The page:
One of the applications presented to Westfield’s Board of Adjustment during the time I served the Town was from a family on Dudley Avenue seeking approval to install a six-foot fence contrary to the town’s land use ordinance. There is a bus stop on the corner of that property. Anyone boarding/exiting the bus could have watched the applicant’s children play on their swing set or in the backyard pool.
Granting a variance to the ordinance restored the applicant’s liberty by returning privacy to this family’s private property. I don’t want to overstate my role in this application, as senior members of the board handled much of the dialogue. The experience however still leaves me with a feeling of joy when I think about the young mother’s sigh of relief after the board resolved this issue of liberty in their favor. Liberty!
My thoughts are with all Westfield families today after reading the Brindle Administration’s latest idea for tattooing Westfield with policy that will be costly to the Town, and difficult to undo once implemented. General Ordinance No. 2183 places a significant impediment between tax-paying homeowners in Westfield and the foundation of any owner’s liberty: their own property. With GO No. 2183 the Town Council will have “the authority to designate and regulate historic landmarks and historic districts within the Town.” With Go No. 2183, local government will have the authority to convert our private property into social property.
If layers of added bureaucracy are not outrageous enough for us all to begin paying attention, consider how much of our liberty the Brindle Administration takes away by deleting § 5B3 of Town of Westfield MLUL Attachment 3, “In the case of a proposed historic site, the Commission shall secure the written consent of the owner(s) of record of such site before taking any further action toward historic designation.”
Removing this sentence from the law, removes the voice of the owner from their Westfield property. Deleting our liberty clears the way for local government to regulate prices in the Westfield real estate market. GO No. 2183 (and PILOT) shifts market-making from our realtors, architects, and designers, to the Town Council. This is bad news for all Westfield homeowners who may own an older home (seniors) in one of our designated neighborhoods. Homeowners who use Westfield as long-term investment will no longer have the option of “highest/best” when a realtor prices their home for sale or a designer prepares a home for upgrade (seniors and special needs). “Highest/best” is a key ingredient to the free-market. When government usurps the role of the free-market, “best” use is no longer available to the homeowner, and the “highest” price will adjust lower to clear the market of the social impediment. Some homeowners (seniors) may not have the confidence, counsel, or necessary funds to bring their voice before local government, may simply choose to let the next owner (or their estate) deal with the issue and allowing the property to deteriorate.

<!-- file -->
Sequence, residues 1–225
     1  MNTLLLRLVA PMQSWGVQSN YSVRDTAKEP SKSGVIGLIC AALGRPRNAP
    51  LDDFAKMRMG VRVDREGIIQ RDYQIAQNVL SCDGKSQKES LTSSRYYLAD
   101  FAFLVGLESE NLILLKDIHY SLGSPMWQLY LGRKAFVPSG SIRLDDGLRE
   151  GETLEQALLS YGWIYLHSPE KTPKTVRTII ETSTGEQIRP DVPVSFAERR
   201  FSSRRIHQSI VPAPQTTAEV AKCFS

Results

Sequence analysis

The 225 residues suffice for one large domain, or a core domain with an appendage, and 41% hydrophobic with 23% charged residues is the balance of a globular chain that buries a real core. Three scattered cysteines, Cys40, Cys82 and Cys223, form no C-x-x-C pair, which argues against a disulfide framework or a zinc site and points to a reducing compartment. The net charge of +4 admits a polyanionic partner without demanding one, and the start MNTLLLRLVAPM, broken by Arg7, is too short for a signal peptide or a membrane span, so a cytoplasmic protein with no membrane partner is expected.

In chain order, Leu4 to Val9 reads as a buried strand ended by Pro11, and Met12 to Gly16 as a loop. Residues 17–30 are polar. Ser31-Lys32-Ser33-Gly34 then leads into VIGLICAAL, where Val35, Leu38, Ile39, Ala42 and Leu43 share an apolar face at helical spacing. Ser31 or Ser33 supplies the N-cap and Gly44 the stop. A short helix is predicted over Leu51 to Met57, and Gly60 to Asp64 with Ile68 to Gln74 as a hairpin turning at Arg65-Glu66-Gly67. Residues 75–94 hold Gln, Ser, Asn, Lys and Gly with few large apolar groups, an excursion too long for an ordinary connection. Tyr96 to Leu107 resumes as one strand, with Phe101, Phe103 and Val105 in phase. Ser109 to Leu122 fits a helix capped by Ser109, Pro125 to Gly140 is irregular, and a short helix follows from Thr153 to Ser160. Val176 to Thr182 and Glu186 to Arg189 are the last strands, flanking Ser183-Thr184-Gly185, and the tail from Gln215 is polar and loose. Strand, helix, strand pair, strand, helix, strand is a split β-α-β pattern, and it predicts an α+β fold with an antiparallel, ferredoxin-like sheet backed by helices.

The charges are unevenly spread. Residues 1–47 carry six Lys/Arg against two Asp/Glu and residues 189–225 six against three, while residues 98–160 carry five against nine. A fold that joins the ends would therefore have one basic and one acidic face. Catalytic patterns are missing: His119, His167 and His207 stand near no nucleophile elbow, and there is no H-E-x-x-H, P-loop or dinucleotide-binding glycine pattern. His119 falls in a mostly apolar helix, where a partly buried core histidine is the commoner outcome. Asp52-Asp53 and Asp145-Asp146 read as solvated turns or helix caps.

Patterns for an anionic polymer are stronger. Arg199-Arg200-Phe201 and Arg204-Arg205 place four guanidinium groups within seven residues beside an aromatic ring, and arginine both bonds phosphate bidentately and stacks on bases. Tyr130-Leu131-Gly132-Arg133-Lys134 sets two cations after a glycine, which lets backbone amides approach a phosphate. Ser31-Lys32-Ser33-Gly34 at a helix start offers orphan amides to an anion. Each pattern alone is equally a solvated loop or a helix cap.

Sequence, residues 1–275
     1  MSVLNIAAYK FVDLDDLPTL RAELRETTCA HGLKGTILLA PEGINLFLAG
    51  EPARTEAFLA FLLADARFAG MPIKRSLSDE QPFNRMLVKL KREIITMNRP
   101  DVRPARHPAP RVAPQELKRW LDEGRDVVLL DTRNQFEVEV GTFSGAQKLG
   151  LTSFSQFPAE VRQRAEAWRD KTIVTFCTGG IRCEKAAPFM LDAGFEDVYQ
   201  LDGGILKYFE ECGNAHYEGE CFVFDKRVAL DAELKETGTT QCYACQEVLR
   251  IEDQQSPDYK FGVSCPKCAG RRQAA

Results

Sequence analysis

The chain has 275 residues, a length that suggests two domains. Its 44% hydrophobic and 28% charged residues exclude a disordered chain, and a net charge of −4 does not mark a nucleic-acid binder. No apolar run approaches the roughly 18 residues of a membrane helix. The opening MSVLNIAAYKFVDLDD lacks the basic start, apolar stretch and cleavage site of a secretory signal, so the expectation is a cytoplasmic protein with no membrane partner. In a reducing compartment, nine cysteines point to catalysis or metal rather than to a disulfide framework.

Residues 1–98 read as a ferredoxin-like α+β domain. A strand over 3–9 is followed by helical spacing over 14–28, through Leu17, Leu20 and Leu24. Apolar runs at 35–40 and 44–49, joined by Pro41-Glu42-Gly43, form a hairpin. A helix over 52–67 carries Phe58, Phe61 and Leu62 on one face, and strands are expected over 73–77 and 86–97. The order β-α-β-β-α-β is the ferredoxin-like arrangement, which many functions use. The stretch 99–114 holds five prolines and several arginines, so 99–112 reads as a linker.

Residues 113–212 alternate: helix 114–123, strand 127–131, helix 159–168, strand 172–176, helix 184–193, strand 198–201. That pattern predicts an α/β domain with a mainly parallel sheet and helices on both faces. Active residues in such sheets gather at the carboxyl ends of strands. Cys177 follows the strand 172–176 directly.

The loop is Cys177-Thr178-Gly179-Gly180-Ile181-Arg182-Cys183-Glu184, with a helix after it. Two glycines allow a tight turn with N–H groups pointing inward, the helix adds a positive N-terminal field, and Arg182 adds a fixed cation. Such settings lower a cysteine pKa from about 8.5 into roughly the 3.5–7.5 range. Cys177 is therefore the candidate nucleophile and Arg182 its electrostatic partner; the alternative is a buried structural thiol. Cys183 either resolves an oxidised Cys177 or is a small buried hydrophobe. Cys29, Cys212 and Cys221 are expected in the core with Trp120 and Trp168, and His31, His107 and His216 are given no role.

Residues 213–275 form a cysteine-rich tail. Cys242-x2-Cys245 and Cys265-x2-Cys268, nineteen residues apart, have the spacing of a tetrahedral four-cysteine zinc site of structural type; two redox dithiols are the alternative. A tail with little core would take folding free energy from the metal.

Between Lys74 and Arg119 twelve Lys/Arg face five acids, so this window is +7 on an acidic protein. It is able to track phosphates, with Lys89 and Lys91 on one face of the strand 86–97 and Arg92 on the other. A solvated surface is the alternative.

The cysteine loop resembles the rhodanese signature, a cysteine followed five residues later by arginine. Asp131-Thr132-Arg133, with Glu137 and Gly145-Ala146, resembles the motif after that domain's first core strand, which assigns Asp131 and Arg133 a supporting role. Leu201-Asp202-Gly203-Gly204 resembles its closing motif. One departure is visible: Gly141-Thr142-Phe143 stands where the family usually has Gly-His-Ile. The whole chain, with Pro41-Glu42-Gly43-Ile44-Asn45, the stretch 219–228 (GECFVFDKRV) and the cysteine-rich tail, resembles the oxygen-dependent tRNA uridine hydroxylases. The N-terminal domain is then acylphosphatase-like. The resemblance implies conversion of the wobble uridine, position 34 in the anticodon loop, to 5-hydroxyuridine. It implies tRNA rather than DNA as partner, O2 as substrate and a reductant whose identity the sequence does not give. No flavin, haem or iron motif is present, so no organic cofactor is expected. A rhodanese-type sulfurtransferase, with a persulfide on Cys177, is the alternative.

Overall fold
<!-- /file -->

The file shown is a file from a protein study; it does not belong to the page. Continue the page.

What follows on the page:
The very first sentence from the Brindle for Mayor Platform, published on then candidate Brindle’s since expired campaign website, “I’m committed to serving our community, full time, at no pay, to make sure every voice is heard.” By deleting our liberty however, the Brindle Administration transfers the right of argument from our voice to the Westfield Town Council. Once passed, designated property owners will need to run improvements to, possibly the sale of, their property by local government (page six) to make certain a club from yesteryear didn’t use the structure to change their tennis shoes.
If the Westfield Tennis Club thought their old structure on Clark Street was historically significant and worth saving, members of this private club would have come to that conclusion and re-purchased the property with club money, or would not have let it go in the first place. I’d argue the club has made wise choices with their money as their vintage 1930 clubhouse and property are beautiful.
Lastly, GO No. 2183 is revenue killing policy impeding the natural float and distribution of property taxes in the Town. More often than not, a new and higher tax assessment is applied to the property when an older home is significantly improved upon, or replaced by a brand-new home from a builder. If “highest/best” use is regulated, so is potential for property tax collection from the Town’s housing stock. If we are abating tax for designated properties from our housing stock (page eight), the abated portion of tax will need to be made up elsewhere in the town budget. The Brindle administration has not shown the ability to generate a dime of revenue on their own. The last three budgets submitted by Brindle’s administration have already produced higher spending and lower revenue trends. Maybe an explanation for how the Town Council could afford to regulate our real estate market (without raising property taxes to meet rising costs) can be found in rigorous debate over this policy recorded in the minutes of town’s finance committee meeting.
Liberty! We are either going to love her or we are going to lose her. GO No. 2183 is rooted in socialism. This policy removes Liberty from our community and places her under local government control. Families in Westfield looking to remove impediments to their own liberty can start by rejecting Mayor Brindle’s Bold Action Plan now, and resolve this latest impediment to liberty together with our vote in November 2021.
Edward T. Stellingwerf